Legacy planning by formal definition is a financial strategy that prepares a person to bequeath his or her assets to a loved one or next of kin after death. If you aren’t careful, you may end up passing on more than cherished assets to the ones you love.

It’s a human peculiarity—as we travel through life we collect stuff. Lots of stuff. The late comedian George Carlin performed a whole stand-up routine about stuff. In it, he quipped, “A house is just a pile of stuff with a cover on it. Sometimes you gotta move gotta get a bigger house. Why? No room for your stuff anymore.” Even the homeless are collecting more stuff. Recently, I saw a wayward person walking down the sidewalk with three shopping carts tied together like train cars piled high with his ‘stuff.’”

If you don’t purge down your “stuff” while you’re alive, someone else (spouse, kids, friends) will have to go through it after you have moved on. Even God doesn’t want you to arrive at the pearly gates with your stuff ­— he made it impossible to take it with you.

The problem with someone other than you going through your life possessions is a matter of perception. What you see as a treasure—like that beer bottle cap collection—or a necessity—keeping twenty years of old tax return copies—your family members most likely see as junk and unnecessary. Yet in your absence, they have no other choice but to ponder endlessly while trying to decide whether to combine your old stuff for posterity sake with their growing pile of things or make the seemingly callous decision to toss the item in question in the recycle bin. Anyone who has gone through this exercise postmortem will likely describe it as painfully difficult and so time-consuming.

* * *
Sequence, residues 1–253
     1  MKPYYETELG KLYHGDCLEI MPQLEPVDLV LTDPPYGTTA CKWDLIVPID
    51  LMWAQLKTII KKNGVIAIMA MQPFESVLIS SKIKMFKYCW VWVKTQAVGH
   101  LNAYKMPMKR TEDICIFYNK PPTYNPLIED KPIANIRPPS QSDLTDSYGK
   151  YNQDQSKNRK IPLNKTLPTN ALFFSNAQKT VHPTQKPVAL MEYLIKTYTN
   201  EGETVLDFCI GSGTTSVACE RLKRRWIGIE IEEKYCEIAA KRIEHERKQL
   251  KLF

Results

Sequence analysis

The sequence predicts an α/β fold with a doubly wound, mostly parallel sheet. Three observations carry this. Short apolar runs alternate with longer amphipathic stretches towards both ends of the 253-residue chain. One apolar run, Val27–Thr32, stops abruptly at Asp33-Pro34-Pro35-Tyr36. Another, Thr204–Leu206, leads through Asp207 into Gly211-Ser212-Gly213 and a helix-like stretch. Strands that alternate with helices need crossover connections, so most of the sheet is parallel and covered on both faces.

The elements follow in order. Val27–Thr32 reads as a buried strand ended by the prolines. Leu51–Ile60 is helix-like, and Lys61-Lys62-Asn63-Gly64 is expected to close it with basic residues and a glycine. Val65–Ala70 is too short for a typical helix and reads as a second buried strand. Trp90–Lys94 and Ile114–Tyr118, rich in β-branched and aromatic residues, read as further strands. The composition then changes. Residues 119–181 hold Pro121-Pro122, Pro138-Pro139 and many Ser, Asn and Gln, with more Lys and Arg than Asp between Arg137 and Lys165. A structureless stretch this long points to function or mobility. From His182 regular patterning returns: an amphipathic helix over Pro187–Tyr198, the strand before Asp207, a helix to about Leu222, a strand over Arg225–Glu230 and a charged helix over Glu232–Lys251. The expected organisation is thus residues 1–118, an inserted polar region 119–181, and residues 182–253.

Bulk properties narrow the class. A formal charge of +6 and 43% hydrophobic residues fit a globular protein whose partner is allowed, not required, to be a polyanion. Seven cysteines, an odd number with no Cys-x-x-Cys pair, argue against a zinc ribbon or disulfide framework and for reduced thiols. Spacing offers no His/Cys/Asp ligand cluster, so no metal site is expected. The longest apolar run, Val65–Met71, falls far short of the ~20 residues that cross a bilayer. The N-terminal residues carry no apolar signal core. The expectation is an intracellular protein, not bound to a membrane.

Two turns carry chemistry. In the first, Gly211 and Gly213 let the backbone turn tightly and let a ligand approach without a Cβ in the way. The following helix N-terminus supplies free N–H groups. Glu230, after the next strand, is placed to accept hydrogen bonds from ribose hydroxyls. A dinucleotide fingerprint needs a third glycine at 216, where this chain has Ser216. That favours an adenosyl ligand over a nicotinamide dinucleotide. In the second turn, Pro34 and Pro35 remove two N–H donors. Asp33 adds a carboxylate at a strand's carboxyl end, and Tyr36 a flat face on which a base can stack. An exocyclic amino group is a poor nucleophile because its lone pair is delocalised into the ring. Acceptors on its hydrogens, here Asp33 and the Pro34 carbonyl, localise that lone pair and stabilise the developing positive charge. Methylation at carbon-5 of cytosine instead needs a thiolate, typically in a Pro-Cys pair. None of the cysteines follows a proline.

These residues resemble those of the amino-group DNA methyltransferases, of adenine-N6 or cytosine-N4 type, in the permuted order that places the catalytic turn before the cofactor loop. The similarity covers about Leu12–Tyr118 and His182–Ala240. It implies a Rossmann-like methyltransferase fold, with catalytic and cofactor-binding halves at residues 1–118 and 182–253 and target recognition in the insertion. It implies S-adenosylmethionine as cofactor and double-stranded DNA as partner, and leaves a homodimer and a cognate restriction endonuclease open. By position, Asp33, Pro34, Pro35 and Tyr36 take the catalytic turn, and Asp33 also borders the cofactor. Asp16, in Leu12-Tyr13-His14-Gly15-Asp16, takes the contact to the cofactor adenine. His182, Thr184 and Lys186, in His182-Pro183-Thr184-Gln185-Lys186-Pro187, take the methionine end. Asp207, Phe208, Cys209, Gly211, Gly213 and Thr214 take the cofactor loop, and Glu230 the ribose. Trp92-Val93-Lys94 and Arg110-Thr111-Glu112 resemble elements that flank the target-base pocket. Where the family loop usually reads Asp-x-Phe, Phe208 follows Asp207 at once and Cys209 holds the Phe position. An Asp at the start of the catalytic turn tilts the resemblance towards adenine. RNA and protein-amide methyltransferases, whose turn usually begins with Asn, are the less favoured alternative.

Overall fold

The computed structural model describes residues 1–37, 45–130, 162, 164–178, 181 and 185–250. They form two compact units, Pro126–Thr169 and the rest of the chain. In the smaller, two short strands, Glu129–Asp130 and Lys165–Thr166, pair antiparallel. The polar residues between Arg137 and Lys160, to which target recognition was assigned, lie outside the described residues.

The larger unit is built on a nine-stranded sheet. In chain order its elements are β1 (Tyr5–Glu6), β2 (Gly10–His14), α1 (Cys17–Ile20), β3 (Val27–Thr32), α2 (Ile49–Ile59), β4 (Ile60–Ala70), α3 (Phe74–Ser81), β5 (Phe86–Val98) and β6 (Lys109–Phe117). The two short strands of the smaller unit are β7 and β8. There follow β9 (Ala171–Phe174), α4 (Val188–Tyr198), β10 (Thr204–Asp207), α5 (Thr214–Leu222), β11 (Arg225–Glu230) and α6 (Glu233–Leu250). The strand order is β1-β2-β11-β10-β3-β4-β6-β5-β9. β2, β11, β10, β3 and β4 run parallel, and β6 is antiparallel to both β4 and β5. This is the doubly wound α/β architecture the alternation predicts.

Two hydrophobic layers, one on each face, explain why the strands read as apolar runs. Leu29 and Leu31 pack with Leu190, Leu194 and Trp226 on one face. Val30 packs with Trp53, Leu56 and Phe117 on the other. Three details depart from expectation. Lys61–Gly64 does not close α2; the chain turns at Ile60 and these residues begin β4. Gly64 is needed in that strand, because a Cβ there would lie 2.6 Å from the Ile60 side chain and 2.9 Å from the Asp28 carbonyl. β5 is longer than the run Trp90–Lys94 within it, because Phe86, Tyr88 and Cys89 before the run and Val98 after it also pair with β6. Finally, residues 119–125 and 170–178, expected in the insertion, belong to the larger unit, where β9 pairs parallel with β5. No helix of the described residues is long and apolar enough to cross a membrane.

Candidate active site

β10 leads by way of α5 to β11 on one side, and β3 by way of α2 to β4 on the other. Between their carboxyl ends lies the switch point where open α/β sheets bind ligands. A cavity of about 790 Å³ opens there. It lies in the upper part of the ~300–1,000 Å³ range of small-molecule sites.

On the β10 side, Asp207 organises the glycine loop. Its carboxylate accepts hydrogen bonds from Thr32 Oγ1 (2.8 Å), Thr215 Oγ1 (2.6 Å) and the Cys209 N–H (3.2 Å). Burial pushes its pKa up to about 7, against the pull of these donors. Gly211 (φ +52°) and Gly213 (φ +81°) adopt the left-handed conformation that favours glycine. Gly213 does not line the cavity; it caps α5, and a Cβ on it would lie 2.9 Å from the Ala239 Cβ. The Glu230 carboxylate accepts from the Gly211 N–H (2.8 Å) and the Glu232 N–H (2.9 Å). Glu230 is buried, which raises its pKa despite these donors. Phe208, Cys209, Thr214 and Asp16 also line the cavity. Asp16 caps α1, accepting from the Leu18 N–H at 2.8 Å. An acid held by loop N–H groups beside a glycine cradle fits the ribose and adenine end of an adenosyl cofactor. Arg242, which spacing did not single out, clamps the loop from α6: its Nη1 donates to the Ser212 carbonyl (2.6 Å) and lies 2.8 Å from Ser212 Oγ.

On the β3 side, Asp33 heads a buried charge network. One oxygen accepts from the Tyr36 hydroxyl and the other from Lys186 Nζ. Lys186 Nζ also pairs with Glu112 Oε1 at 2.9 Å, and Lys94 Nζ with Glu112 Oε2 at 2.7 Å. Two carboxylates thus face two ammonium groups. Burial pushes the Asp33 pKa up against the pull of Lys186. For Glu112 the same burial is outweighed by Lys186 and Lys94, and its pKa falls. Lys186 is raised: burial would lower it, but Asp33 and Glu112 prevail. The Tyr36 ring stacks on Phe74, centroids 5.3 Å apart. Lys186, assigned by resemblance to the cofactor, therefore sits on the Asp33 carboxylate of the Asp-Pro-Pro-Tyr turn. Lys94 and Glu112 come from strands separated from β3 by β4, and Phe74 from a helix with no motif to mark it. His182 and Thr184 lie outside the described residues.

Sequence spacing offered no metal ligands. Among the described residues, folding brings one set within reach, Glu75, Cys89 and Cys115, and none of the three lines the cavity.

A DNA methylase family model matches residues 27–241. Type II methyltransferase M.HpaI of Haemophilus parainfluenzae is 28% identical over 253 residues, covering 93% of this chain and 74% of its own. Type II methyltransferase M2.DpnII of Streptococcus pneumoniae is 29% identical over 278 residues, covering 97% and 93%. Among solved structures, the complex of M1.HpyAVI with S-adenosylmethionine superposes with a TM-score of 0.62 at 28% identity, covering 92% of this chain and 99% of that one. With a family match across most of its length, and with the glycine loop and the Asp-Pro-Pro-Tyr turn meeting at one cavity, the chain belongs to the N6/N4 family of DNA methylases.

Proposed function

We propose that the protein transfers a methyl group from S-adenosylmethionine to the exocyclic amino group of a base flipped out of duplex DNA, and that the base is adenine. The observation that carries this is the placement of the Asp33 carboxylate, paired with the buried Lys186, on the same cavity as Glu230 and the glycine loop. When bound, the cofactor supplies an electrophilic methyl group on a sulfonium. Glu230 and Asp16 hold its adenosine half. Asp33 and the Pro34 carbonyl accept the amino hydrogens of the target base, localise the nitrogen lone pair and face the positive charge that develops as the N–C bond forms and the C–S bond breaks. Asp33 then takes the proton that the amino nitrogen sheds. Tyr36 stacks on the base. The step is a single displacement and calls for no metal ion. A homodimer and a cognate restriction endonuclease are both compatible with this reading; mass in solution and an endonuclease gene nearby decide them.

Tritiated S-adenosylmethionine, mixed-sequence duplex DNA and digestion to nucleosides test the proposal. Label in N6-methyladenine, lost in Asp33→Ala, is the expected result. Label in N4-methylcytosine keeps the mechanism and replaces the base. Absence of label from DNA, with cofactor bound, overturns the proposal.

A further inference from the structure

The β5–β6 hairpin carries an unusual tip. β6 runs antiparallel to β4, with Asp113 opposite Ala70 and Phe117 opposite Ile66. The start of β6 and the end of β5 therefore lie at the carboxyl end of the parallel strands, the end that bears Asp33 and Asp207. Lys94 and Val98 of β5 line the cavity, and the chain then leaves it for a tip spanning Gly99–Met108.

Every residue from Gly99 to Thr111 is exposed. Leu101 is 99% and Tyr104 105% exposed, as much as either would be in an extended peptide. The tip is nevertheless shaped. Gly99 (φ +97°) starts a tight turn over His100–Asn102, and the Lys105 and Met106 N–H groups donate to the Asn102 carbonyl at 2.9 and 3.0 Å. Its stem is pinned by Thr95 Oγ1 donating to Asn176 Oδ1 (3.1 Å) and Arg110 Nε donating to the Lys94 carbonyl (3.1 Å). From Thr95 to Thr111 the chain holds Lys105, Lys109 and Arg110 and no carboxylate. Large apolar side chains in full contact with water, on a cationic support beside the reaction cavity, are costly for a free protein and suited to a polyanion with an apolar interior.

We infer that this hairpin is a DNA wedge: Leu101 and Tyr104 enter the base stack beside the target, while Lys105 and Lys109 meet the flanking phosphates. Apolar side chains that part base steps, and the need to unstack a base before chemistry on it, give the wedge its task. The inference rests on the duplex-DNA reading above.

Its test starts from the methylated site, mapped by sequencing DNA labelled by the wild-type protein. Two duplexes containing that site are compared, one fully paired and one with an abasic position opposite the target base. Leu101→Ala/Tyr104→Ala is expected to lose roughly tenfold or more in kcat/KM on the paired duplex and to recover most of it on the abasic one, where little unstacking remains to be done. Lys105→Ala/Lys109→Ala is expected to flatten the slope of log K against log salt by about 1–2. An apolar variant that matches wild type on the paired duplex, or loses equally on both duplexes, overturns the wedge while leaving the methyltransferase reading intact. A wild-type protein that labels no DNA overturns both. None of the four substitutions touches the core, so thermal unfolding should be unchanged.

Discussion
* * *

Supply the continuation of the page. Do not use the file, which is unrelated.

Sometimes reducing the size of your accumulated stuff is mandatory. As parents become empty-nesters and downsize their primary homes, most will likely need to reduce the volume of stuff to match the reduced size of their new digs. Unfortunately, many people don’t realize their accumulated possessions won’t fit in the smaller abode until shortly before moving into it. Downsizing both housing and stuff simultaneously with a deadline can be an extremely stressful activity. Not only are you forced to part with the dinner place settings for twenty-four or the world’s largest collection of metric nuts and bolts, but you also have limited time to decide each item’s fate. This is like a twisted version of the game show Let’s Make a Deal—only in reverse.

Regardless of your current age, do yourself and everyone you know a huge favor by taking action today to lighten the load of stuff you have accumulated over your lifetime thus far. Don’t wait until your world is getting smaller either by your design or fate to rid yourself of at least some of your nonessential possessions.

The four living spaces that accumulate the most stuff are the closet, garage, attic, and basement. Conduct a recycle audit of the unused things in these four spaces annually, and you are on your way to a clutter-free lifestyle, maybe with the exception of the adult child living in your basement. If you have one of these, be thankful they usually don’t come with much stuff.